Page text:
McCain’s ad, titled Disrespectful charges Obama of unfair attacks against Republican vice presidential candidate Gov. Sarah Palin.
The ad calls the Illinois Democrat a “celebrity” whose “star is fading” and accuses Obama of dismissing Palin as “good looking,” a statement Obama’s running mate, Sen. Joe Biden, made a few days after McCain made his selection. The ad also says that Obama brushed off Palin as simply doing “what she’s told.”
“How disrespectful,” the ad’s announcer says, adding that “Gov. Sarah Palin proves them wrong every day.”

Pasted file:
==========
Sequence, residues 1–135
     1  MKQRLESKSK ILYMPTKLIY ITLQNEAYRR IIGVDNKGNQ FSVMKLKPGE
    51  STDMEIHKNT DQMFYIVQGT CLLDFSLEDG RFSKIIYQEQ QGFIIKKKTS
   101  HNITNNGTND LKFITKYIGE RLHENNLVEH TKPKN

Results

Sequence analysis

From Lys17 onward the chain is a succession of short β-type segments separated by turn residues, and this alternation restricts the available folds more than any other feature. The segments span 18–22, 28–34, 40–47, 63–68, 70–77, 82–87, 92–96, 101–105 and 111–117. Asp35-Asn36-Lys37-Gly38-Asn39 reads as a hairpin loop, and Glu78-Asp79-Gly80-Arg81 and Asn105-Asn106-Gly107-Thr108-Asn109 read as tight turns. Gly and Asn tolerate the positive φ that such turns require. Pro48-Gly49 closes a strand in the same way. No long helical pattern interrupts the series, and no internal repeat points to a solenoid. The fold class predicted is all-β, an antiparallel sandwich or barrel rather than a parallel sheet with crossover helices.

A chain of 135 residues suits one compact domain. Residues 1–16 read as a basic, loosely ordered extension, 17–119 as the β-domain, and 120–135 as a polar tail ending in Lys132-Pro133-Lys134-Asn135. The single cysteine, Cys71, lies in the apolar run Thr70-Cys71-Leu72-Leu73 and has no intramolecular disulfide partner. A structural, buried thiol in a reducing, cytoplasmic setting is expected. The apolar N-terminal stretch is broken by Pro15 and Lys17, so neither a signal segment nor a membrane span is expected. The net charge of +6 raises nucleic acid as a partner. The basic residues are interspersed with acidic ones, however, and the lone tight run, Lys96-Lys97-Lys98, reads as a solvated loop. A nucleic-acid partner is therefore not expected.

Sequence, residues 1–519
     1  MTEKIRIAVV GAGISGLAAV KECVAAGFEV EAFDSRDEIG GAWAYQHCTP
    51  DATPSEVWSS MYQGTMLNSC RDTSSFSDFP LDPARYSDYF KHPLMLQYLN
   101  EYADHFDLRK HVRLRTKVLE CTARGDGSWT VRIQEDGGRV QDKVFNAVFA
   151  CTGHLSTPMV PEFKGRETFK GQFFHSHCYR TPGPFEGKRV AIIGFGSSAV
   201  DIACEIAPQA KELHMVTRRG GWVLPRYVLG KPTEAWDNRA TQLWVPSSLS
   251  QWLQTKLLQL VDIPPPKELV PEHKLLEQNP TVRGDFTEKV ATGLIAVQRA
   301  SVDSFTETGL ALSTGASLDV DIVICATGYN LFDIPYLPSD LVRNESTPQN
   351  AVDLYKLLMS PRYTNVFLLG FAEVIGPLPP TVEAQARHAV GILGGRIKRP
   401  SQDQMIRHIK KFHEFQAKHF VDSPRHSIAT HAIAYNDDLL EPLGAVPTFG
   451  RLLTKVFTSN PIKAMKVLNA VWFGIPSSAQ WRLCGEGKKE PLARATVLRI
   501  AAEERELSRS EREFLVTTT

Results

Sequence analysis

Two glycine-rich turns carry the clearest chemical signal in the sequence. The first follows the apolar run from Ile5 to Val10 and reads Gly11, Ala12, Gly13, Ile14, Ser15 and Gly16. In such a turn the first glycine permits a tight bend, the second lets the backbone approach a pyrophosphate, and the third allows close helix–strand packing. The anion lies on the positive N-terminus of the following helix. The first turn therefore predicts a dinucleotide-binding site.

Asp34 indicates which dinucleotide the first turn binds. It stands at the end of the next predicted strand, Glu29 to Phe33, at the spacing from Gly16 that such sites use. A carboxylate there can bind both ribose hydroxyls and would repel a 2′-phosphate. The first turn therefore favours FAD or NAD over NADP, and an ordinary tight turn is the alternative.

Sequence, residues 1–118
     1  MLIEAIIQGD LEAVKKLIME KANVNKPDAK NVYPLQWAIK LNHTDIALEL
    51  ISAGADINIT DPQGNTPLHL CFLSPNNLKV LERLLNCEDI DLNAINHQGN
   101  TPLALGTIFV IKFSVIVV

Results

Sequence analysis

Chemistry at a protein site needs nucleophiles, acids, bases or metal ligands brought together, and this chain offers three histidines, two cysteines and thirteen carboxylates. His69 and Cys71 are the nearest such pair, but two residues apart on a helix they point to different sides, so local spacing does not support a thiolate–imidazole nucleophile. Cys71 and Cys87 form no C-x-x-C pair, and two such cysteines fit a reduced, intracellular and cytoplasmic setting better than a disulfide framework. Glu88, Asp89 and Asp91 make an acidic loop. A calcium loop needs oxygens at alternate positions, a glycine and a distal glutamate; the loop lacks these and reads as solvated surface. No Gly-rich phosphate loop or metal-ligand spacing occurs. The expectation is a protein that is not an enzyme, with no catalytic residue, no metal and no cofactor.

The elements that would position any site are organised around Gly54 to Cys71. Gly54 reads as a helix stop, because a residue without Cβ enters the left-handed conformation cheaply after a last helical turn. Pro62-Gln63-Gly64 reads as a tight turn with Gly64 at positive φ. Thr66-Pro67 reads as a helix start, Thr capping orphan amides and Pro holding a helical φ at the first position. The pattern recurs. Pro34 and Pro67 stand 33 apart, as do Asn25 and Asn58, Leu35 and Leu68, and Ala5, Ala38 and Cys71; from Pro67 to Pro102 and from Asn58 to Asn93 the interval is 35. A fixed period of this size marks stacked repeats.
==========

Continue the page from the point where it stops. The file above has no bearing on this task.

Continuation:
The Obama camp unleashed their own ads Friday, with two 30-second spots with very different tones. One, called Still takes a shot at McCain’s age, featuring images of the 72-year-old Senator in 1982, when he first entered Congress.
“Things have changed in the last 26 years,” the ad’s announcer says, “but McCain hasn’t.”
The ad goes on to chide McCain’s past admissions that he doesn’t know much about computers and still has some to learn about the economy.
The Obama team’s second ad, called Real Change doesn’t mention his opponent but focuses on the term “change:” a word both camps have fought hard to claim as their campaign motto.
“To me, change is a government that doesn’t let banks and oil companies rip off the American people,” Obama says. He finishes with, “I’m Barack Obama, and I approve this message because this year, change has to be more than just a slogan.”